The best way to avoid a nasty surprise on the amount owed for tax return – or a terse letter from the IRS– is to do a rough tax projection. This process produces an estimate of what is owed so you can make smart decisions about cash flow and take steps to qualify for more deductions and credits. The earlier you start, the better – most tax pros suggest doing this in November so there’s still time in the tax year to take action.
Do I need tax prep help?
Deductions, credits and tax rules are confusing and preparing a tax estimate can be time-consuming. For many older adults and family caregivers, it makes sense to engage a tax professional or recognized tax prep software solution to do the work. The IRS’s Volunteer Income Tax Assistance (VITA) program offers free basic tax prep to people who generally make $57,000 or less, persons with disabilities and taxpayers with limited English language skills.
The agency’s Tax Counseling for the Elderly (TCE) program provides similar services for people age 60 and older, including consulting on pension and other retirement-related issues. Find free tax prep near you at IRS.gov.
What information should I gather?
Whether you hand off to a tax preparer, rely on software or use another method, you need to gather data and documentation on:
Social Security, annuity or pension payments; other income, estimated dividends and/or interest from investments, bank accounts and CDs; and capital gains or losses.
Mortgage interest, real estate taxes, state income tax paid the previous year, estimated tax payments made during the year, tax preparation fees, and miscellaneous expenses such as safe deposit boxes or investment fees, and charitable contributions. These expenses may qualify for deductions or credits.
Medical and Dental Expenses:
Out-of-pocket payments for doctors, dentists, labs, physical therapy, medical equipment, prescription drugs, and premiums for Medicare and supplemental insurance and miles driven for medical care. You may be able to claim deductions for these medical expenditures.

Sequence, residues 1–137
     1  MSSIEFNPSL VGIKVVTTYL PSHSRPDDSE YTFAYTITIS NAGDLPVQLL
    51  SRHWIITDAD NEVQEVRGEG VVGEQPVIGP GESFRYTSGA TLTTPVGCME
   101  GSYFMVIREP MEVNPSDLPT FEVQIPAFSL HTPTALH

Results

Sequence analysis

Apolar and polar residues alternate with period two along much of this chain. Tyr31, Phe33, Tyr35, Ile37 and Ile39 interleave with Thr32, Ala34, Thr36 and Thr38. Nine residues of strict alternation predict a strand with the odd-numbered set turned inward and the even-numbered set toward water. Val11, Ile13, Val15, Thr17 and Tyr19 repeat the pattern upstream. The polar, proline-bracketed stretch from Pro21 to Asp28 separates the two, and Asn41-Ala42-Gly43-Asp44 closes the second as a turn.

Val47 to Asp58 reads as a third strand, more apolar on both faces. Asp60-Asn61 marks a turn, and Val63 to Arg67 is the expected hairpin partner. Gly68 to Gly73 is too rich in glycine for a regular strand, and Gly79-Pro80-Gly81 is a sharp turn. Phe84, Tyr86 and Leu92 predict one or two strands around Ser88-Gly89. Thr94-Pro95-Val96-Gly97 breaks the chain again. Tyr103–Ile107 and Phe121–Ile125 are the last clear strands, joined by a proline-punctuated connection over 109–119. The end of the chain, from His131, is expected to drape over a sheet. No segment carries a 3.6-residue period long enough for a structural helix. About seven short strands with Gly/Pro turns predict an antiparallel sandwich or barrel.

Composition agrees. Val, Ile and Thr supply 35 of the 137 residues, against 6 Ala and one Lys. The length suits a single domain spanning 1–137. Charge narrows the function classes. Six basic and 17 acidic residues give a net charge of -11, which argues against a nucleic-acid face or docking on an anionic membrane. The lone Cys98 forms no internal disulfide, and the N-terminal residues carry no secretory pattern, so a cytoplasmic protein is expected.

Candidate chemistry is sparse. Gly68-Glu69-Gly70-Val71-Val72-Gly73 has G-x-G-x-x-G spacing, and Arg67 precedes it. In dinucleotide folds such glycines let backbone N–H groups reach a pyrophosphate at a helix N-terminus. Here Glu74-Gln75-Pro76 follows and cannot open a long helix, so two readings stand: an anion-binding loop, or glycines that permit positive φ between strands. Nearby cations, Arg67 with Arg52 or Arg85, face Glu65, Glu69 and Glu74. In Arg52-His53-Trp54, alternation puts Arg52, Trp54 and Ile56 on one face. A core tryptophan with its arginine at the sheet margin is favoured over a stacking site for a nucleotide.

Plug these dollar amounts into your estimate software or tax preparer’s organizer to get a preliminary picture of your tax situation.
How can I tell if there’s enough money to pay the tax due?
If you or your loved one owes money, talk to an accountant about how you can reduce liability, including making certain purchases before tax year-end.
Once you know the final estimate of tax due, review bank accounts and cash flow projections to determine if there will be enough money to cover the bill. Your tax pro and banker or financial advisor can help you explore options to increase cash on hand.
While you can file for an extension, that doesn’t mean you can put off payment. Any estimated tax due must be paid by Tax Day (usually April 15) to avoid stiff penalties, including a one-time penalty, accrued interest and monthly fines on the amount due for each month your return is tardy up to 25%. Get more information on how to file a tax extension at IRS.gov.
Even if you don’t have time to do a projection for the prior tax year, you can get ready to do one for this year. Follow these steps to have the data and documents you need to prepare a projection later this year. Good luck!
This information is not intended as a substitute for professional financial, accounting, tax or legal consultation; it is provided “as is” without any representations or warranties, express or implied. Always consult professionals when you have specific questions about any financial matter.